Municipal Bankruptcy

Chapter 9 (Municipal Debt Adjustment) Is Unlike Chapter 11 (Corporate Reorganization)


Chapter 9 (Municipal Debt Adjustment) Is Unlike Chapter 11 (Corporate Reorganization) ( ( Depositphoto_ Justice – © JanPietruszka) )

By James Spiotto

IN A CHAPTER 9IN A CHAPTER 11
•   Only the municipality can initiate a Chapter 9 if authorized by state law.•   The corporation (voluntary) or its creditors (involuntary) can initiate a Chapter 11 case if the corporation is a moneyed entity (not a non-for-profit) and insolvent.
•   Only the municipality can file a Plan of Debt Adjustment.•   The corporate debtor (during the exclusive period) or any creditor (after the exclusive period) may file a Plan of Reorganization or Liquidation.
•   The Plan of Debt Adjustment can only adjust debt. It cannot liquidate the municipality.•   A corporate plan can be for reorganization or liquidation.
•   A Labor Agreement can be rejected in a Chapter 9 if the Labor Agreement burdens the municipality and the equities balance in favor of rejection. This is a lower standard that a Chapter 11.•   Section 1113 of the Bankruptcy Code sets forth the requirements for sharing information with employee representatives and workers and the process of information sharing, and the proposal by the debtor prior to the rejection of the Labor Agreement. It is a higher standard than Chapter 9.
•   There is no limitation on damages on real estate leases held by a Trustee or Municipal Building Authority for a lease financing and the lease financing will be treated as a secured debt financing.•   There is a limitation of the greater of one year’s rent or 15% of the remaining terms of the lease not to exceed three years for lease damages in a corporate Chapter 11. It is not treated as secured debt of the corporate debtor if it is a true lease.
•   Payments to defease or pay current interest or principal on bonds or notes within the 90 day preference period before a Chapter 9 filing are not capable of being voided or deemed a preference.•   Payment of principal or interest not secured by collateral could be voided or deemed a preference during the 90 day period prior to filing a Chapter 11 if the holder would receive more than what it would be entitled to in a Chapter 7 liquidation.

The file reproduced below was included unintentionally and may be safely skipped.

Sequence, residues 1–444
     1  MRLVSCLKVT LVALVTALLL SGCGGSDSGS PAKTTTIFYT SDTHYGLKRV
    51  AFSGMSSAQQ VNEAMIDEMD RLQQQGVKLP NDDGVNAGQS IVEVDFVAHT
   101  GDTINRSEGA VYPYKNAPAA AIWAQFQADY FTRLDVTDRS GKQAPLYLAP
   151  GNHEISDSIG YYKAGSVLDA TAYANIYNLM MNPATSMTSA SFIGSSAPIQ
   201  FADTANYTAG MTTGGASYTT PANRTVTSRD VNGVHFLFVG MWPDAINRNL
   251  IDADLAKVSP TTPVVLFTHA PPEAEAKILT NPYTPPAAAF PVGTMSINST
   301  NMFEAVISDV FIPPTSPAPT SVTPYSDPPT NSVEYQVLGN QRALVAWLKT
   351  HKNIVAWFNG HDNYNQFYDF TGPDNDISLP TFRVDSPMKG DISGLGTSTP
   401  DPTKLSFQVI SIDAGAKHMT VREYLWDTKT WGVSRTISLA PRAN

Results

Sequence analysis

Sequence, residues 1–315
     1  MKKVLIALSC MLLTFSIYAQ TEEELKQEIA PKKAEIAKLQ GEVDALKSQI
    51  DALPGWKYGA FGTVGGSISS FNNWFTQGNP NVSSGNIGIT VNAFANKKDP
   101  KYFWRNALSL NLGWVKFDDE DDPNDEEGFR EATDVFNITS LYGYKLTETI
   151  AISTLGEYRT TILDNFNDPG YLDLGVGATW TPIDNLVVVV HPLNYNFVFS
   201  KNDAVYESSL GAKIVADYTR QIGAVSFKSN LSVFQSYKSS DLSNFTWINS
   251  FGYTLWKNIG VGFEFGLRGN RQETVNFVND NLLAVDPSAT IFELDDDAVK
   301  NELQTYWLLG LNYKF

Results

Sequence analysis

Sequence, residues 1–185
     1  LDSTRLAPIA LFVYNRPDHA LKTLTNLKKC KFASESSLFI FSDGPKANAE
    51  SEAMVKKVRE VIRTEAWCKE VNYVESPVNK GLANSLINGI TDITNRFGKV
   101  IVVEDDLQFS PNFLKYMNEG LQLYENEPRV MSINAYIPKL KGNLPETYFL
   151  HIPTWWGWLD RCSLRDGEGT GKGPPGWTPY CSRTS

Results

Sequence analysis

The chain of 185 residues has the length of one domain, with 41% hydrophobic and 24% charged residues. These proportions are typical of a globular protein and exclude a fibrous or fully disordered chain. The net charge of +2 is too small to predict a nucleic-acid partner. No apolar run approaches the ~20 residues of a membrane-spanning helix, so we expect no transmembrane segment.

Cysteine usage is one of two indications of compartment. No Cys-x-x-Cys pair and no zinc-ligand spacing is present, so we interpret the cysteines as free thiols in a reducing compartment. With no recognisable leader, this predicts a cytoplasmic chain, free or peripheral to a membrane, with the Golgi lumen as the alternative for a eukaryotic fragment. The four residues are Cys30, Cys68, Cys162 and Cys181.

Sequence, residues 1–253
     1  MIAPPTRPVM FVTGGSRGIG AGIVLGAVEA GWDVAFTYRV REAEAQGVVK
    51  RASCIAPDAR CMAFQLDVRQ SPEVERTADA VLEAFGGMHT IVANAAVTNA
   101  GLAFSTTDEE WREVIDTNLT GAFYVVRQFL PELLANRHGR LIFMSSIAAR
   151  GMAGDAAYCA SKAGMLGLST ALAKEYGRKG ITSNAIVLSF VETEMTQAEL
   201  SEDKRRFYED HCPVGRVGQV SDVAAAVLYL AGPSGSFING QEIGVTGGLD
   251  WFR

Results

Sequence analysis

•   There are no priorities ahead of unsecured claims for prepetition claims due to employee wages, pensions, accrued vacations, healthcare and other employment benefits.•   There is a priority ahead of unsecured claims of up to $12,475 per employee for pre-petition wages, benefits, accrued vacation and healthcare benefits.
•   “Special Revenues” and “Statutory Liens” are not limited or terminated by a Chapter 9 filing and are intended to continue to be paid to secured creditor and are unimpaired by the Chapter 9 filing (there is no Chapter 11 provisions comparable).•   Accounts receivable and inventory created post petition are not covered by the pre-petition lien of a secured lender and the pre-petition lien is terminated except for “proceeds” of the pre-petition lien.
•   A Bankruptcy Court cannot interfere with any restrictions or requirements of state law regarding a municipality’s exercise of its governmental powers (including payment of statutory liens). The Bankruptcy Court cannot interfere with the property, revenue and affairs of the municipality.•   The corporate debtor cannot take any action outside the ordinary course of business without Bankruptcy Court approval.
•   The municipality can sell its assets, incur debt, borrow money and engage in governmental affairs without the necessity of having to obtain the approval of the Bankruptcy Court.•   The corporate debtor cannot borrow money, sell assets or expand or contract its business without Bankruptcy Court approval.
Related News